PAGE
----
what's your definition and approximate value? -- Bill
Fellinger, Williston, Vt.
There is no single value, but it still is meaningful.
CC depends on the behavior of the organisms (people,
in our case) involved -- the CC of earth for vegetarian
saints is much higher than for the present mix of people.
For that present mix it is easy to show we're in overshoot
-- way above the CC. If you want to look at the technical
side of the issue, see: Daily, G.C., and P.R. Ehrlich.
1992. Population, sustainability, and earth's carrying
capacity. Bioscience 42: 761-771.
What's the chance, at our current/projected rate
of environmental debauchment, of a habitable planet
50 years from now? -- Thomas Hubbard, Everett, Wash.
Habitable for at least a scattered
group of homo sapiens? Perhaps 97 percent. Habitable
for large numbers of people living a U.S. lifestyle?
Maybe 10 percent.
You mention you were not hired for a position because
you are Jewish. Do you consider yourself a member or
believer of a Jewish religious community? Is your work
inspired by a particular spiritual belief or philosophy,
or by a particular humanistic one, or neither? -- Kathleen
Meigs, Ojai, Calif.
I have no interest in organized religion of any
kind, nor any belief that science can supply all the
answers to the philosophical/ethical questions that
plague all thinking people.
How do we get more engagement from scientists and
medical professionals in shaping good public policy
without jeopardizing their status as unbiased experts?
Has your work as an environmentalist diminished the
effectiveness of your role as a scientist? -- Gwen Griffith,
Alliance of Veterinarians for the Environment, Nashville,
I'm working hard with organizations like the Ecological
Society of America to improve communication (the Aldo
Leopold Leadership Program -- training scientists to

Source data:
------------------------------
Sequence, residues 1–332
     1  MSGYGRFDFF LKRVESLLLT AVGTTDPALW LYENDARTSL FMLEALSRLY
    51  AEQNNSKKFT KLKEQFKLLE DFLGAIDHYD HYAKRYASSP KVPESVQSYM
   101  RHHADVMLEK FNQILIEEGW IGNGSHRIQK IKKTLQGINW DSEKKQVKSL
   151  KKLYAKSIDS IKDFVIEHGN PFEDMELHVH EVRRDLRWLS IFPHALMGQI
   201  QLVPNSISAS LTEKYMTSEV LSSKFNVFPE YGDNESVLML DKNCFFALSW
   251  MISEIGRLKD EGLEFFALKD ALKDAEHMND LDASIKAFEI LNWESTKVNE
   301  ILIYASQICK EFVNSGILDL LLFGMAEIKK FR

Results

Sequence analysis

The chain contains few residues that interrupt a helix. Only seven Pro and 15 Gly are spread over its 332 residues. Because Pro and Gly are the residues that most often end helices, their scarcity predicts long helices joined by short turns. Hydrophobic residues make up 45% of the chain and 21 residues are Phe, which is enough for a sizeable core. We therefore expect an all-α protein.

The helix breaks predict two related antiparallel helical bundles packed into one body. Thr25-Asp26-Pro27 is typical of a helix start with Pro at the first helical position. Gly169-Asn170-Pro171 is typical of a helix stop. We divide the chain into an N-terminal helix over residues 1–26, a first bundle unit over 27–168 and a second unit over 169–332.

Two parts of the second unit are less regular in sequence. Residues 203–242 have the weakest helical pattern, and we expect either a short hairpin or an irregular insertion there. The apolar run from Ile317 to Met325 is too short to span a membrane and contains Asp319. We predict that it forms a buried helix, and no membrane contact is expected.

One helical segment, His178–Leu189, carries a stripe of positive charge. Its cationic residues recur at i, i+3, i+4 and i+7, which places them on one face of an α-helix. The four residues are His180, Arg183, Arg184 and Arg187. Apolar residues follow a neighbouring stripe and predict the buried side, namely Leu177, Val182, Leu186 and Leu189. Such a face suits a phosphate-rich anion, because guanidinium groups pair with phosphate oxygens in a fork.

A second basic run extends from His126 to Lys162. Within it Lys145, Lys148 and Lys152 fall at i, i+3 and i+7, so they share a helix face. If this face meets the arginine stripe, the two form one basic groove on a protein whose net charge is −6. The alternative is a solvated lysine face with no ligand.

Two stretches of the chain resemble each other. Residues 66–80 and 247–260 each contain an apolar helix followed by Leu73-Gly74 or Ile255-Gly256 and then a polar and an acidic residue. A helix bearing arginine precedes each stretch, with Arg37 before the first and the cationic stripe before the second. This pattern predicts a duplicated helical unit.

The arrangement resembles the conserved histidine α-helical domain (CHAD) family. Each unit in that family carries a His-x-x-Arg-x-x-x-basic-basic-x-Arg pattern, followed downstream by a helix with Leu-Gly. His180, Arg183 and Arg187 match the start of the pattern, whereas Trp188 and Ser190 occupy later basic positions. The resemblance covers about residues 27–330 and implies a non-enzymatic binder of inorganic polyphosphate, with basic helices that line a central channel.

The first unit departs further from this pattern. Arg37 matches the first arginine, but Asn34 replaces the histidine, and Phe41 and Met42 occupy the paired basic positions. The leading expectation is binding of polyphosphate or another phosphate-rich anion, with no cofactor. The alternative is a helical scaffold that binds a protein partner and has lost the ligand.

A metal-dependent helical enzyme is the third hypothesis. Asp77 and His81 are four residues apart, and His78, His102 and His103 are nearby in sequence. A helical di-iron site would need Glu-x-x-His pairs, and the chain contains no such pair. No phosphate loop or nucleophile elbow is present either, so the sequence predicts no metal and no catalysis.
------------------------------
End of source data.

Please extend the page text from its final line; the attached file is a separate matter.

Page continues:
communicate with the public and politicians -- is a
great step forward). We still need much more. I try
to keep my unorthodox scientific judgments (I have some)
to myself and only communicate consensus science to
the public -- making it clear when I'm doing that and
when I'm speaking on policy only as a (possibly) well-informed
citizen. Sometimes I fail. My judgment that George W.
Bush is the worst president in U.S. history is not a
scientific judgment, just a personal one based on massive
data. I think my activism has helped my science, making
my choice of research topics better.
You have a 15 second soundbite in which to convince
Bush supporters that John Kerry will do more for our
country to protect the environment. What do you say?
-- Barbara Baldock, Monterey, Calif.
Bush has consistently distorted environmental science
for political gain and has not cooperated in the most
elementary efforts to deal with climate change, one
of the top two or three environmental problems. He shows
no knowledge of the other critical issues such as loss
of biodiversity, land-use change, decay of the epidemiological
environment, and toxification of the planet. Teresa
[Heinz Kerry] is an outstanding environmentalist.
For young scientists like myself, how should we
direct our voices and energies to effect sound environmental
policies? -- Thalia Schlossberg, Bloomington, Ind.
Get involved immediately by tithing to your society
-- putting 10 percent of your time into doing things
(working with environmental NGOs, trying to influence
your congressperson and senators to vote right) to make
the world a better place. Work hard to inform the public,
but don't risk your job -- you want to become a senior
scientist and have even more influence. Above all this
year, work against George W. Bush.
Can capitalist economic development be inoculated
with environmental sensitivity on a large scale? And
are extractive and heavy industries making progress
in terms of mitigating their negative effects on the
natural environment? -- Sean Dempsey, Raleigh, N.C.
There is some good news on the environmental activities
of corporations (such as oil companies becoming energy
companies and ending membership in right-wing propaganda
mills), but there's still a long way to go. Anne and
I don't think we can win the game without converting
more of industry into a positive environmental force.
We need markets, but as Adam Smith noted, they must
function under constraints that level playing fields